The Azim Premji Foundation has been working to contribute to improving quality of government schools through its field institutes across a number of districts in six states. The author visited nine schools in the Ganga Valley blocks of Uttarkashi district between 21 and 24 August and ten schools in Yamuna Valley between 11 and 15 September.
In the course of his visits, two aspects became clear to him – first is the instances of Science teachers who are inculcating the spirit of inquiry in an inspiring manner and the other is that an increasing number of teachers are writing their daily reflections in a diary, a practice that seems to have taken root.
As we crisscrossed the Ganga and Yamuna Valley in Uttarkashi district, visiting government schools, we met teachers bound by a shared passion to teach Mathematics and Science in a manner that would kindle a lifelong liking for these subjects. For these teachers, it might just be a day’s work, but what we saw was a quest to instil the spirit of inquiry in their students and prepare them to be curious and engaged learners.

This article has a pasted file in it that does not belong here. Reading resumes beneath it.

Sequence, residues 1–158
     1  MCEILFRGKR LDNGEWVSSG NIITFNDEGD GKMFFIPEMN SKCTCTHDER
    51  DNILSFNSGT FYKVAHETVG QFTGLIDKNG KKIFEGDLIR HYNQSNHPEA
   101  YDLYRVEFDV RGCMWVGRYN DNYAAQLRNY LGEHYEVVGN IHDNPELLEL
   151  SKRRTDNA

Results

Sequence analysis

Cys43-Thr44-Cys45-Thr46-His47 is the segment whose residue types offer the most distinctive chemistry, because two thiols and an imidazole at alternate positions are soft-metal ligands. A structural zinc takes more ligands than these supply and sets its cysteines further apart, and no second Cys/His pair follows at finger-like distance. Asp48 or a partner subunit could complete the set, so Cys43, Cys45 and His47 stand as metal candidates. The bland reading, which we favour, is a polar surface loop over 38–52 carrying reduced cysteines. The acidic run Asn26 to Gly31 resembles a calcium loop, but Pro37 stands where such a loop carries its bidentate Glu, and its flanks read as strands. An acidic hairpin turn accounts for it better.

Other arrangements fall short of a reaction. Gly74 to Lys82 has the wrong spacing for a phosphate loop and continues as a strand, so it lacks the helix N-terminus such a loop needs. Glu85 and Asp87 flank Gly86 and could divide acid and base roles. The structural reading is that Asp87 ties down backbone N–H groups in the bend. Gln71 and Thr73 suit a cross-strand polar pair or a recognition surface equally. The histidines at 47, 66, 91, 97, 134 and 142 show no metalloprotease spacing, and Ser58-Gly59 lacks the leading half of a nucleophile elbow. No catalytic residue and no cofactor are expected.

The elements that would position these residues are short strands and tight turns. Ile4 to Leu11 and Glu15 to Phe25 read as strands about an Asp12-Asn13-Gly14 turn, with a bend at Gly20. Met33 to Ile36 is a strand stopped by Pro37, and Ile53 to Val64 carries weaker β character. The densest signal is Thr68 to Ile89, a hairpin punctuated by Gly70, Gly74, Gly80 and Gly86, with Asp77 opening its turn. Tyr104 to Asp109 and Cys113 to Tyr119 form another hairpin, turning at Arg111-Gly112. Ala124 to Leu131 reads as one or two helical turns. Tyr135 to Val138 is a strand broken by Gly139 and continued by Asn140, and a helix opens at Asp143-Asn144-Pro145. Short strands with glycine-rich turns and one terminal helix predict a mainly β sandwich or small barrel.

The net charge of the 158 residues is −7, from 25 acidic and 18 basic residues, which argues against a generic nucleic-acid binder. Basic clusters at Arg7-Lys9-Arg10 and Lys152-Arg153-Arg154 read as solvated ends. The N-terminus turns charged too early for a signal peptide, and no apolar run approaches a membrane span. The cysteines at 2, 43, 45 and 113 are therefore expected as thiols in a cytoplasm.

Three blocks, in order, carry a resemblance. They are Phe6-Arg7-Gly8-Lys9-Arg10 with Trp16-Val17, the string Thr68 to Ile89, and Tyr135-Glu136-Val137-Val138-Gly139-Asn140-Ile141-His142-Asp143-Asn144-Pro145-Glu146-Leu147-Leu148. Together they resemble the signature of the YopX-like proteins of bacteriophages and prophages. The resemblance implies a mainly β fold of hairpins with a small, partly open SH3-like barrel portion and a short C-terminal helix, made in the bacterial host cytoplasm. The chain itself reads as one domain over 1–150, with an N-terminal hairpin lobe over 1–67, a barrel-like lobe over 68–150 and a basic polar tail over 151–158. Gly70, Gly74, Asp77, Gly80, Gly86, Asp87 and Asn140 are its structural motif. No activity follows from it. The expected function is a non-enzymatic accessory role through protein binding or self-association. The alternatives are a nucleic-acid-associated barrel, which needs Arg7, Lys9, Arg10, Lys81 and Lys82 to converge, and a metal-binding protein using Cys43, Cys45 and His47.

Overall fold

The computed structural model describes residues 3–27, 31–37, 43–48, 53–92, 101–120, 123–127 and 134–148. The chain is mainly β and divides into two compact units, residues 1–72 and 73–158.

At the upper primary school, Sunali in the hills of Purola, Chandrabhushan’s aim is to help his children make connections between textbooks and the world. “Zindagi se jodna (connecting with life)”, he said while adding, “I have trekked every hill of the Yamuna Valley and videographed everything. Children are taught too many things too fast but they need some space to think, ask questions and build conceptual understanding.”
Pointing to the Baanj tree (oak) that abounds in the Yamuna Valley, he said that his children have dug at the mud around the tree and found water. Therefore, they know that a place with Baanj trees means plentiful water. Like all good teachers, he thinks that learning Language, Mathematics and Science goes together.
Back in Barkot block, when the education department decided in 2015 that they would make the school at Gangani village a model school, they invited applications from teachers. Prabha cleared the qualifying examinations and joined the school to teach Mathematics and Science. When colleagues suggested that she should prepare students to participate in the National Children’s Science Congress, Prabha grabbed the idea with alacrity.